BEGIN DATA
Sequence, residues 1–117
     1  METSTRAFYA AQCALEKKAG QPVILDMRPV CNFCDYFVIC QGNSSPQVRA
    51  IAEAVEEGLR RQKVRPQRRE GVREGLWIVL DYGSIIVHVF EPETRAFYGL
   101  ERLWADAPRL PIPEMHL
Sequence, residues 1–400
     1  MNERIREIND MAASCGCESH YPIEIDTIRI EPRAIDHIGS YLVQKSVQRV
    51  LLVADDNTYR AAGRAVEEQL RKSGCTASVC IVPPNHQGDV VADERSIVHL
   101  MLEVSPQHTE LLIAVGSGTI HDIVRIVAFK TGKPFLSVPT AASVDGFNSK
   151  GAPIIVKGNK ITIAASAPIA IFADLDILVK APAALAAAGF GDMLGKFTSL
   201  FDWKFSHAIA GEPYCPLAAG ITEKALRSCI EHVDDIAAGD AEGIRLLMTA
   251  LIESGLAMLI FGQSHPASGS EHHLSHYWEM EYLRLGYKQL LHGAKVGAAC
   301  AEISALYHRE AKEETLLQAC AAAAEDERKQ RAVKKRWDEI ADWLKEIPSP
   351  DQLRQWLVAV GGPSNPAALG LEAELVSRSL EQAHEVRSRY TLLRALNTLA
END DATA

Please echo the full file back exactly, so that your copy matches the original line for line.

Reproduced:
Sequence, residues 1–117
     1  METSTRAFYA AQCALEKKAG QPVILDMRPV CNFCDYFVIC QGNSSPQVRA
    51  IAEAVEEGLR RQKVRPQRRE GVREGLWIVL DYGSIIVHVF EPETRAFYGL
   101  ERLWADAPRL PIPEMHL
Sequence, residues 1–400
     1  MNERIREIND MAASCGCESH YPIEIDTIRI EPRAIDHIGS YLVQKSVQRV
    51  LLVADDNTYR AAGRAVEEQL RKSGCTASVC IVPPNHQGDV VADERSIVHL
   101  MLEVSPQHTE LLIAVGSGTI HDIVRIVAFK TGKPFLSVPT AASVDGFNSK
   151  GAPIIVKGNK ITIAASAPIA IFADLDILVK APAALAAAGF GDMLGKFTSL
   201  FDWKFSHAIA GEPYCPLAAG ITEKALRSCI EHVDDIAAGD AEGIRLLMTA
   251  LIESGLAMLI FGQSHPASGS EHHLSHYWEM EYLRLGYKQL LHGAKVGAAC
   301  AEISALYHRE AKEETLLQAC AAAAEDERKQ RAVKKRWDEI ADWLKEIPSP
   351  DQLRQWLVAV GGPSNPAALG LEAELVSRSL EQAHEVRSRY TLLRALNTLA